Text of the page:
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Hamid, banker from Lahore

© UNICEF/PAKA/Sharpcut films
Hamid contracted polio when he was 11 months of age. He now works at a bank.

By: Sharpcut films

Hamid, Lahore, March 2007: As the heavy traffic of Lahore builds up during the rush-hours of early morning, one motorcycle appears strikingly different as it weaves its way through the congested roads. Perched on the back of this motorcycle is Hamid, holding onto his crutches as his brother drives him to and from office. This has been their routine since Hamid started work at a Bank in Lahore – Hamid having his brother accompany him wherever he goes has been the routine since he was paralyzed with polio.

Hamid was born a healthy child in Pakistan’s Punjab province, but at 11 months of age, he contracted polio. With the extent of his disability being so severe, Hamid could never walk or play like other children, but yet his family never let him feel as if he was any different.

Educating Hamid was the only way forward for his mother, as she was aware that already being disadvantaged, Hamid would need an education more than others to get anywhere in this life “I carried him to school, initially in my lap when he was small, but as he grew up, I would carry him to school on my back. I did all I could to make sure that he could get an education.” “My main role in life is to support Hamid,” says his younger brother, “as since I can remember, I have only seen Hamid like this, and I will always be there to support him.”

Hamid getting to office without his brother is impossible, so day in, day out, Hamid’s brother drives Hamid to work in the mornings and brings him home in the evenings. Come rain or shine, in bad health or lazy days, Hamid’s brother is there to ensure that Hamid reaches work on time. “My family never made me feel as if I had a problem, and has always been there to encourage me - it is not easy for them or me.”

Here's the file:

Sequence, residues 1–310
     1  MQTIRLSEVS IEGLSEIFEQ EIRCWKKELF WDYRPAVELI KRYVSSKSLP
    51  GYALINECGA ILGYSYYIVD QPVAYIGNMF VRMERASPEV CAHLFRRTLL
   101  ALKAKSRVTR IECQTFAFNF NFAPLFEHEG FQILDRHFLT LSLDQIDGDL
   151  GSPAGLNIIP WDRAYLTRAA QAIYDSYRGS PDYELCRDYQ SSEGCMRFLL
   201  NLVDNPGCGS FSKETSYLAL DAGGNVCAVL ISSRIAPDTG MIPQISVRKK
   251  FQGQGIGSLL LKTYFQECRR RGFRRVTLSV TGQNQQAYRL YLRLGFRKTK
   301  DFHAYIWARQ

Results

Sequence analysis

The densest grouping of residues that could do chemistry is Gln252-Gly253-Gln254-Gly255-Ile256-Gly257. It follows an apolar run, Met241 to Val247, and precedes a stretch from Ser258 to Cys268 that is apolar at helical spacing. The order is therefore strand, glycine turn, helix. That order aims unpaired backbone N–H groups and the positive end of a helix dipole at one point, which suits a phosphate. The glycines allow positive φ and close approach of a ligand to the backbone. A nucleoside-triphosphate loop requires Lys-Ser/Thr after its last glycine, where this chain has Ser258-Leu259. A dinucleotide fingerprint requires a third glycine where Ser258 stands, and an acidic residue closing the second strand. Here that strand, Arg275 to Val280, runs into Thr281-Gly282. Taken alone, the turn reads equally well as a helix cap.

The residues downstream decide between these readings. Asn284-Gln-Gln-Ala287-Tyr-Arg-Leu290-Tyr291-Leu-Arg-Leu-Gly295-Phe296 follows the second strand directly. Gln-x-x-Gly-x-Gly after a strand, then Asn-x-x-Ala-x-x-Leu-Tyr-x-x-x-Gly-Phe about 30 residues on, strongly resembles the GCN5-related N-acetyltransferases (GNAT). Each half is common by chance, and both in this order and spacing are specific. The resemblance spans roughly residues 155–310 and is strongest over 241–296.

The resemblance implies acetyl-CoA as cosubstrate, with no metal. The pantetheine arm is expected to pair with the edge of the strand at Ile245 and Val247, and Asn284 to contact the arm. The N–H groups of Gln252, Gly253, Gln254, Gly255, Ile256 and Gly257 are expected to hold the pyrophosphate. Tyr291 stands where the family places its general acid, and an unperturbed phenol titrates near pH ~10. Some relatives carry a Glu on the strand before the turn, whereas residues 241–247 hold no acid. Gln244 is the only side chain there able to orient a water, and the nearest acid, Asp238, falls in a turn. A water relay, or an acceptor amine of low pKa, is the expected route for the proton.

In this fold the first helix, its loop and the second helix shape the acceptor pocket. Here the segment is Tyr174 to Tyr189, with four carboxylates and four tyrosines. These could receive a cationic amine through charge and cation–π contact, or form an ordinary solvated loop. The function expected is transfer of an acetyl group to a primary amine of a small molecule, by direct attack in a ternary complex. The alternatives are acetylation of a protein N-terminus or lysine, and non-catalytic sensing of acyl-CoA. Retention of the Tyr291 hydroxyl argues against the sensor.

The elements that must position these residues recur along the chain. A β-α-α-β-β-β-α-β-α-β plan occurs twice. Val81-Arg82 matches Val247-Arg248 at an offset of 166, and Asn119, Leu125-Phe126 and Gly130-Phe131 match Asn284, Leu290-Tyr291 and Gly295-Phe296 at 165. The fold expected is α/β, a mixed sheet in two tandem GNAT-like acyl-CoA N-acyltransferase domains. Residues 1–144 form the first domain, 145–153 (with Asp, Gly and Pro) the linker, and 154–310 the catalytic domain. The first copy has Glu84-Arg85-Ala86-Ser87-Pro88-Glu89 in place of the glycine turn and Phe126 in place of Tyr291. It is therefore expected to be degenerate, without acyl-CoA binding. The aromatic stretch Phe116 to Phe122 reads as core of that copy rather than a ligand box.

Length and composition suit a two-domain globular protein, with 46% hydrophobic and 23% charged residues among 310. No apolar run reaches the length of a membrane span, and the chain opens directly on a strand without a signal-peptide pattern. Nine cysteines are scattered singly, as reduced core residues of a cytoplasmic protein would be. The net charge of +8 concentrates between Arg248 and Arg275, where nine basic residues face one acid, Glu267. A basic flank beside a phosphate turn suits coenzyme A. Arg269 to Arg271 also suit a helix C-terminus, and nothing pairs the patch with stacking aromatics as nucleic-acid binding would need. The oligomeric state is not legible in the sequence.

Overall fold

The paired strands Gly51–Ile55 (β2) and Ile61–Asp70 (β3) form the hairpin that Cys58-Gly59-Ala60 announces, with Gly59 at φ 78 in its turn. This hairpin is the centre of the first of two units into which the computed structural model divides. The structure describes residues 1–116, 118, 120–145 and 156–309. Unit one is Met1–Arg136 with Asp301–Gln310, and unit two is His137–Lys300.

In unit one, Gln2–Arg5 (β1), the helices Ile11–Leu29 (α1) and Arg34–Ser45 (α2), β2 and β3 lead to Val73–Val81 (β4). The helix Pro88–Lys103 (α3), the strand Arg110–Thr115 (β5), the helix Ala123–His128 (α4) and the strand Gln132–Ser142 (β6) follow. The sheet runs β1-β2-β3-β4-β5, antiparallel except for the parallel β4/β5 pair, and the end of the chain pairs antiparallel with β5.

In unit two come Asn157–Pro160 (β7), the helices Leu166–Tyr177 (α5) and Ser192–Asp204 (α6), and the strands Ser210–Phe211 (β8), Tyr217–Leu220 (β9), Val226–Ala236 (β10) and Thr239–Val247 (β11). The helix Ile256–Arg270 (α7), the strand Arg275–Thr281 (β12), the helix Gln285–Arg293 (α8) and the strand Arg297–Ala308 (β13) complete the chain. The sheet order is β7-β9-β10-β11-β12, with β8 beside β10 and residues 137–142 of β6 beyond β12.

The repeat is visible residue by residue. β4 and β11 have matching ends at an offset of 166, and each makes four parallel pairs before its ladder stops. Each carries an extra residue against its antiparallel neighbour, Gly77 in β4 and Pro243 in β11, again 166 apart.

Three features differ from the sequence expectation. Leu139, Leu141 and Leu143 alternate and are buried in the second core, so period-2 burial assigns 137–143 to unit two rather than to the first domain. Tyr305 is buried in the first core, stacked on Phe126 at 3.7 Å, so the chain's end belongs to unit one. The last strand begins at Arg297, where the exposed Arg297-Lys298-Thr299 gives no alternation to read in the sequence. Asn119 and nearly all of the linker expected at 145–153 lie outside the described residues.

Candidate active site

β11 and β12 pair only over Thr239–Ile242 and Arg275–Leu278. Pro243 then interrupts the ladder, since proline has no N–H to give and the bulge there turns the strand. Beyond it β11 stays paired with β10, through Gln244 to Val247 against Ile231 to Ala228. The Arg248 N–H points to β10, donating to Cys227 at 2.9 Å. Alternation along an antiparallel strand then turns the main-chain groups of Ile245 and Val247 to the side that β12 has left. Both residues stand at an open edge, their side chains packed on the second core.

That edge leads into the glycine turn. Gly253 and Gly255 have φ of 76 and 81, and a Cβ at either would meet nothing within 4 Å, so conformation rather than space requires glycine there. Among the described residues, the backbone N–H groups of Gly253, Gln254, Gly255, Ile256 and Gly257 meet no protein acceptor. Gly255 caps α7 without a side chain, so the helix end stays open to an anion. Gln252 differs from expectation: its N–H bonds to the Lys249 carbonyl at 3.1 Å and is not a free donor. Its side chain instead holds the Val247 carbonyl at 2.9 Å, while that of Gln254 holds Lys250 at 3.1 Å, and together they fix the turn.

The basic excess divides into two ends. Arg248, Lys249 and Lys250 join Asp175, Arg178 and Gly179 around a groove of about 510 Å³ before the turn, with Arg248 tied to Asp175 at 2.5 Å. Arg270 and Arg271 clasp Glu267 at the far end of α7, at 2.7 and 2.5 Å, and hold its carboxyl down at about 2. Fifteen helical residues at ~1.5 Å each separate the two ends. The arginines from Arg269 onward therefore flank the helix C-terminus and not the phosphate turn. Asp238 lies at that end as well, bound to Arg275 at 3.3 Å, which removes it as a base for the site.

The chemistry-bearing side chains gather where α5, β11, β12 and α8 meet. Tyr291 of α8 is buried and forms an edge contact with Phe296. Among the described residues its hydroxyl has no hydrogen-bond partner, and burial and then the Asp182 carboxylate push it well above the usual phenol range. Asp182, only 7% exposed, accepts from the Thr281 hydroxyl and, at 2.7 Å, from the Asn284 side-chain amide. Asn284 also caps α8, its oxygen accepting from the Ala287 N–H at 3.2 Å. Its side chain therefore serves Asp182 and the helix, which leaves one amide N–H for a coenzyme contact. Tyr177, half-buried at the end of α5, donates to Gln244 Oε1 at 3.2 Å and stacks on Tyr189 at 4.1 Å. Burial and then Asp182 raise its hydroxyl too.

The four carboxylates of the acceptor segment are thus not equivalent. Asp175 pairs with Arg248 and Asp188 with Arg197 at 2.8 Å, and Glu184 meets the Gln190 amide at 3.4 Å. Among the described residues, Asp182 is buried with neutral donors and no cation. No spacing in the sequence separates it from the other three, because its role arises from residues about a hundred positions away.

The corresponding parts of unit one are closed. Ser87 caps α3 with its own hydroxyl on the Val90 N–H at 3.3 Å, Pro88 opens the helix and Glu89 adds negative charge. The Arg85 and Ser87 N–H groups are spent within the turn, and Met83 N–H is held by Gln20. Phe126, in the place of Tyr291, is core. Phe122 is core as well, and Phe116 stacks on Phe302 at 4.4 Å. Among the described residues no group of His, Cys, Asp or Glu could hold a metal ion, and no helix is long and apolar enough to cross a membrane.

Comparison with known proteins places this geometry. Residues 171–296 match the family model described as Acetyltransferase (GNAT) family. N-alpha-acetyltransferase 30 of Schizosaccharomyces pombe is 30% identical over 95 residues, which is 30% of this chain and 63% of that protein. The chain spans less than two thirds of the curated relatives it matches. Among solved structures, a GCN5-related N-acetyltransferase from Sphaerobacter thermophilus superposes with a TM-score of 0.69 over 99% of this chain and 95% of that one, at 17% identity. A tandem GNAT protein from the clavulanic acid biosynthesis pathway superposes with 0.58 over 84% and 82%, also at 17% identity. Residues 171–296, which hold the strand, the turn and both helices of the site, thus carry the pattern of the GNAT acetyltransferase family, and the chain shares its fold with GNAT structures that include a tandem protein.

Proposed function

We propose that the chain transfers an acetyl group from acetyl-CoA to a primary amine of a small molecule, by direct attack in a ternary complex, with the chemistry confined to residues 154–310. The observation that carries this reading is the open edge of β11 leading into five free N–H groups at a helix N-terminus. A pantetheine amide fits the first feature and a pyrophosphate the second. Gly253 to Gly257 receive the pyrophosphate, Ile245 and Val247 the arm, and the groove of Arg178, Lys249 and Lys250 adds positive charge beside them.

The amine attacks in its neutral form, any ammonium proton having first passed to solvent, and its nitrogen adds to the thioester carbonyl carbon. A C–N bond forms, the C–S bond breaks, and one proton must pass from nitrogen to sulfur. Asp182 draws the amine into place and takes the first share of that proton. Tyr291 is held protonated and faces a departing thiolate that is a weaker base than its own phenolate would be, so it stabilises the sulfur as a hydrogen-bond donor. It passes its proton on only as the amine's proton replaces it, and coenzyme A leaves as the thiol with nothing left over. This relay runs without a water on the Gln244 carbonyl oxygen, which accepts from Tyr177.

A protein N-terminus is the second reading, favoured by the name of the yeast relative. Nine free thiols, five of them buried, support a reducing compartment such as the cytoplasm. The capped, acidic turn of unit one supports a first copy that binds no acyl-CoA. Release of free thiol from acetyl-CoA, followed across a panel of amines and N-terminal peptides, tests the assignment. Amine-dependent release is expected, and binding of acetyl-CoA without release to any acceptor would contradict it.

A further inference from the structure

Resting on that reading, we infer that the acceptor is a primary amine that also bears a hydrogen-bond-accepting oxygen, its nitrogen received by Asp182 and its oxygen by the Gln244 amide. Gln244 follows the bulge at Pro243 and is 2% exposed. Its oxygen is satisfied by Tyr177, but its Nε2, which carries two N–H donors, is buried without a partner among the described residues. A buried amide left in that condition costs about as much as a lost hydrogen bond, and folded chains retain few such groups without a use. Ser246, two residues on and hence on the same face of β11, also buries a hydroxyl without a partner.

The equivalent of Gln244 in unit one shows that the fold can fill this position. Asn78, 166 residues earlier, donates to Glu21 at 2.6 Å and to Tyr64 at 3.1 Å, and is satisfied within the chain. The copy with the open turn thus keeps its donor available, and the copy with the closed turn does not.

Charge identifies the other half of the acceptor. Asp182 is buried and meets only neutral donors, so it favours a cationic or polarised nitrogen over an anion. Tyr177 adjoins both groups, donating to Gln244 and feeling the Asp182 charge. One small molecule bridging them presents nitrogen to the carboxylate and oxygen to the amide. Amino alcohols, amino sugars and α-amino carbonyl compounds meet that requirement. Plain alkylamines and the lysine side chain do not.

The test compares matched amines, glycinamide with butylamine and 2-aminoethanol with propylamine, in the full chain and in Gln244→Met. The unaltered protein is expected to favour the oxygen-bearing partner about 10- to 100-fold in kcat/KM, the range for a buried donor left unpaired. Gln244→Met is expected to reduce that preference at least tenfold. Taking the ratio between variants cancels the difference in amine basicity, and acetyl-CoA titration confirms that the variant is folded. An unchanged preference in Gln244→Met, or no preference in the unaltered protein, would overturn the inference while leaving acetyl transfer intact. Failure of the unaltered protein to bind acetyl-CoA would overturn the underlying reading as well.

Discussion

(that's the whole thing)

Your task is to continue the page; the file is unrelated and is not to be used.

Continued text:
The extent of Hamid’s polio created disability is heart-breaking, as both of his legs are affected. “I can’t imagine getting up without my crutches” 33 year old Hamid explains. “Climbing the steps to my home can be difficult, and even on a good day it takes me around 5 minutes to walk up or down the house stairs.” As well as his crutches, Hamid has always had to wear special shoes to support any movement, and only with all these aids, can Hamid make any attempt to move without help from those around him. “I never want people around him to pity him, or help Hamid because they feel sorry for him. I want to be there for him at any time he needs help, as I don’t want him to ask anyone else,” states his brother.

“No child in this day and age should have to live the life and problems that Hamid does, and I make sure that all my friends and family give polio drops to their children in every campaign.”

“Even the simplest movement is difficult for him, and it breaks my heart to see him having to struggle with basic actions and movements that are so simple for his friends and peers,” states his mother as she gently sheds a tear or two.

As emotion overcomes her, Hamid’s mother questions “why were there no polio campaigns when Hamid was a child?” In between sobs she frantically states “had there been campaigns, I would be the 1st to line up and get my child immunized against this terrible disease.” But as control comes upon her she realizes the importance of her own strength in Hamid’s life, and her optimism returns.

“No child in this day and age should have to live the life and problems that Hamid does, and I make sure that all my friends and family give polio drops to their children in every campaign.” What has happened to Hamid cannot be changed, but we will always be with him to make sure that he gets as much out of life as possible.



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